While we're gamifying everything, we might as well gamify trash, too. The creator of a new e-trash can and complimentary "cryptocurrency based real-life game" hopes that there's a high-tech solution to a very old problem: litter.
The ECan, developed by Sean Auriti, a maker in Brooklyn, looks more or less like any other trash can, except it's got an infrared sensor to detect whenever something is deposited into it, a screen that allows whoever is throwing something away to ID themselves, and a barcode scanner that can help identify what's being thrown away (if it has a barcode). And solar panels to power the thing, of course. What's more, the ECan mines Emrals, a cryptocurrency Auriti invented, whenever something is thrown away.
"It's a more human version of Bitcoin because instead of being mined by machines, it'll be mined by real-world actions," Auriti told me. Future versions of the ECan will be wifi enabled, he said.
Auriti imagines a future where ECans are on every block, providing free internet and mining Emrals, which he hopes will eventually be exchanged as money or, at the very least, used to get discounts on products around town. It's an audacious plan for sure—at the moment, you have to plug in an identifying pin number to log in every time you want to throw something away. If a piece of trash doesn't have a barcode on it, you're supposed to take a picture of it before tossing it in the can. The interface looks like this:
Auriti has already made three ECans at his Brooklyn makerspace called Alpha One Labs, and has a working alpha of the Emrals app. He's currently demoing the tech at New York City's Consumer Electronics Week.
The ECan is surprisingly cheap for the technology it's got inside—Auriti put the first one together using a Raspberry Pi, cheap solar panels, a battery, and a touchscreen for $380. It's way more expensive than a standard trash can, sure, but that's not necessarily a deal-breaking price for a city.
"I want to do this globally," Auriti told me. "We're hoping to get a sponsor, maybe put a couple at a Yankees game or something to get people using them. People will see you taking pictures of trash and they'll ask what you're doing, and you'll say, 'I'm earning Emrals.'"
I'm not sure people are going to want to do that every time they throw away a banana peel or a burrito wrapper, but it's an interesting thought.
I poked around the Emrals app for a bit, too. It's clearly still a very early prototype (Auriti tells me it’s in alpha stage), but the concept is simple enough. Beyond earning Emrals for throwing away trash in the ECan, users can create a geotagged “dirt alert” when they see bits of litter around town and places an Emrals value on it. Another user then goes and cleans it up, and earns those Emrals.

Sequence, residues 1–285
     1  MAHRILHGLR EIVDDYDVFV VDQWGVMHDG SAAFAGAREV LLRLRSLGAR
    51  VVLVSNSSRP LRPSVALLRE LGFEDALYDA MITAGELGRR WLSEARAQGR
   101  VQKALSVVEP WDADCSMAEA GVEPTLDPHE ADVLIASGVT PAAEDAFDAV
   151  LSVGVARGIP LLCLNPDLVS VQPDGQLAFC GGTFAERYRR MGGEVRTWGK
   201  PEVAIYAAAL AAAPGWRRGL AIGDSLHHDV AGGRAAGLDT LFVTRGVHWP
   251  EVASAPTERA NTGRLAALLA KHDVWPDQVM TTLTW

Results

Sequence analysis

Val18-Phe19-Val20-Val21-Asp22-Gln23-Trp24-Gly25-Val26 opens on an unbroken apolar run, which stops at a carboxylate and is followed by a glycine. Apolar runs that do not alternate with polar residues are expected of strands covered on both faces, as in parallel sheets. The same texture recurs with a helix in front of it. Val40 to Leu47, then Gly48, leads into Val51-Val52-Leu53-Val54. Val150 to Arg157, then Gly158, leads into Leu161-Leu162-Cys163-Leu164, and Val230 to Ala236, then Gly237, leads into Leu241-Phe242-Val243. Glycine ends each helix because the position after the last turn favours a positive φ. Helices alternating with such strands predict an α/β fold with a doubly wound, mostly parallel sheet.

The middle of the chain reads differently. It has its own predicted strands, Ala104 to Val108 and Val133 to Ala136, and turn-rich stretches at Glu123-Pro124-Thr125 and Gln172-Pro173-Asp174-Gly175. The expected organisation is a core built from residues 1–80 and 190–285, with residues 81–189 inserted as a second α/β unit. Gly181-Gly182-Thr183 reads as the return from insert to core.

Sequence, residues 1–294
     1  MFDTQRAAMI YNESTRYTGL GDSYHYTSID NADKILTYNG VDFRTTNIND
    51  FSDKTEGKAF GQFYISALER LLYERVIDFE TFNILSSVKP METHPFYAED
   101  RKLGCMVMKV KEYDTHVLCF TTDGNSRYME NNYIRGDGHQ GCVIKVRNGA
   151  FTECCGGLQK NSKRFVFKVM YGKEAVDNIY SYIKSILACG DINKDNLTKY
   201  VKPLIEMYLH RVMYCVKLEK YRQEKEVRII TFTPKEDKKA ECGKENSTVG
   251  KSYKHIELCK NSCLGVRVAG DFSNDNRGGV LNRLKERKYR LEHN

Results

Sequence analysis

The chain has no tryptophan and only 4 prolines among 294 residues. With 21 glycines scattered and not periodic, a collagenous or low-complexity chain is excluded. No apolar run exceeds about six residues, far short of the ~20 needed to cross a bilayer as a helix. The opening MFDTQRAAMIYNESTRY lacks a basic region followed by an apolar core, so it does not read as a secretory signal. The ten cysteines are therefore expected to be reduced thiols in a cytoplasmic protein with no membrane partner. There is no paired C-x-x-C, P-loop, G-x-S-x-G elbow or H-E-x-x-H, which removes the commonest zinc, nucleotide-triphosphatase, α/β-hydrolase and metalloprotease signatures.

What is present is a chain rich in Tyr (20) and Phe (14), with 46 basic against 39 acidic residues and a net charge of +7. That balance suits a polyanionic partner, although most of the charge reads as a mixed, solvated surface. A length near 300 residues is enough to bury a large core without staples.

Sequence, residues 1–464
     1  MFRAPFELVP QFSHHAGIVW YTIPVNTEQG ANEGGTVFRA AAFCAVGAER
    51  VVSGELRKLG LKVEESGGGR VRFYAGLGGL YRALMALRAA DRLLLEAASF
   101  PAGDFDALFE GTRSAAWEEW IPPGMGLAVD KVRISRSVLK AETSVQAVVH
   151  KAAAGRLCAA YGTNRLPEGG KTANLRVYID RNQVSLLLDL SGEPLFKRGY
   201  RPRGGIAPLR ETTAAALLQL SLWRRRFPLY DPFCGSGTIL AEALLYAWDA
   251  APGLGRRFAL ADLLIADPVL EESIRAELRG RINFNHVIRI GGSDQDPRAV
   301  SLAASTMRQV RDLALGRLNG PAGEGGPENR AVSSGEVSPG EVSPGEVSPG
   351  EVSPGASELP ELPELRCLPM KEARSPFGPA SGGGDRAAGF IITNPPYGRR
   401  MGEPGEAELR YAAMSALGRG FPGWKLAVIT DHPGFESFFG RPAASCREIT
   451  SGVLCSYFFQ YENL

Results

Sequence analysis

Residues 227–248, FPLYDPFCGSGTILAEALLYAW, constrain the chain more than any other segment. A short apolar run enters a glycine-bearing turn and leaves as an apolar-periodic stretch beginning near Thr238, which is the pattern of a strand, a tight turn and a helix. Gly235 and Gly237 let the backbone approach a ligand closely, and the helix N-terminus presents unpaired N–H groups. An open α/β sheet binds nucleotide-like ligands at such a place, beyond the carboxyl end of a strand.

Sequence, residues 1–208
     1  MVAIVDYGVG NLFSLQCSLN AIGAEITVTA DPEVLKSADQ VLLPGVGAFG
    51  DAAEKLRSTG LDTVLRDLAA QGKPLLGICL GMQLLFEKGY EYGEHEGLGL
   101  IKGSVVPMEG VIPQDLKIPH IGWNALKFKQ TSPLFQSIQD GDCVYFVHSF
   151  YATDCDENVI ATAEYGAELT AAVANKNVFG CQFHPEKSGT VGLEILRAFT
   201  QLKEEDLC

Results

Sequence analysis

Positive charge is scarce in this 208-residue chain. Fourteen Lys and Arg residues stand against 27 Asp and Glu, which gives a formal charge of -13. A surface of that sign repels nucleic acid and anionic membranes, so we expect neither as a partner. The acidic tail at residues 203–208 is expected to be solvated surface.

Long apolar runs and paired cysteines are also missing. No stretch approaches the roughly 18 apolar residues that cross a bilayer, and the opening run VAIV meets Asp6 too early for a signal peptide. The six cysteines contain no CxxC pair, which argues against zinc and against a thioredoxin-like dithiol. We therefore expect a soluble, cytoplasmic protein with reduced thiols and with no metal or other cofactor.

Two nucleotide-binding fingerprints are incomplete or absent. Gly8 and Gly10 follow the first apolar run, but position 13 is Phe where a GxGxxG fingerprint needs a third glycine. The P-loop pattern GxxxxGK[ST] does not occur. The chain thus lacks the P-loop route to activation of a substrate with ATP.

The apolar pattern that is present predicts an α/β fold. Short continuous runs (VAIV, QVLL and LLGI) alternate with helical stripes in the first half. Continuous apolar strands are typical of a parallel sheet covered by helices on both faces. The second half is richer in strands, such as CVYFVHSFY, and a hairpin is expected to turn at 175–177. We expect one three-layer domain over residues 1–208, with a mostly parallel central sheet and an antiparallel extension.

Why the original dirt alerter wouldn’t just pick up the trash themselves is a good question, but for bigger jobs, it makes some sense. Current examples of “dirt alerts” are pieces of stripped bikes that are chained to bike racks in Brooklyn, graffitied mailboxes, and “dirty sneaker marks” on the top of a subway train—all things that aren’t easily cleaned up. Meanwhile, there’s also a few dirt alerts for banana peels and various litter that could have just as easily been picked up by the person who tagged it.
Whether the world needs gamified trash is certainly up for debate—Evgeny Morozov, author of To Save Everything: The Folly of Technological Solutionism, argued in The Wall Street Journal that BinCam, a similar smart recycling can, goes a bit too far.
“The bin doesn't force us to recycle, but by appealing to our base instincts—Must earn gold bars and rewards! Must compete with other households! Must win and impress friends!—it fails to treat us as autonomous human beings, capable of weighing the options by ourselves,” he wrote.
I’m not sure about that, but there are certainly some questions raised by the ECan’s mere existence: Can you actually make an environmental difference by gamifying the first part of the garbage process? (i.e., isn’t it more important to develop better landfills and garbage storage systems on the back end?) How many Emrals will I earn if I clean the graffiti off the ECan’s screen? Is anyone willing to really type in some potentially identifying information each time they throw something away?
I suspect we won’t know for quite some time, if ever, unless some city is willing to take a chance on this. Auriti says he’s working with a couple universities to study how people will actually use the ECan, and there would probably have to be some sort of pilot program before smart trash cans can become anything resembling a regular sight around cities. There are many, many thousands of trash cans in New York City alone, and a regular ol' metal bin costs much less than an internet-connected, solar-powered one with an infrared sensor.
In any case, Auriti believes in the project, and he’s whipped up working prototypes, which is more than you can say for a lot of bold new ideas in tech. “I want to live until I’m 150," he told me. "Part of the reason people die is because of pollution. If we can eliminate trash that’s all over the place, I think that can help.”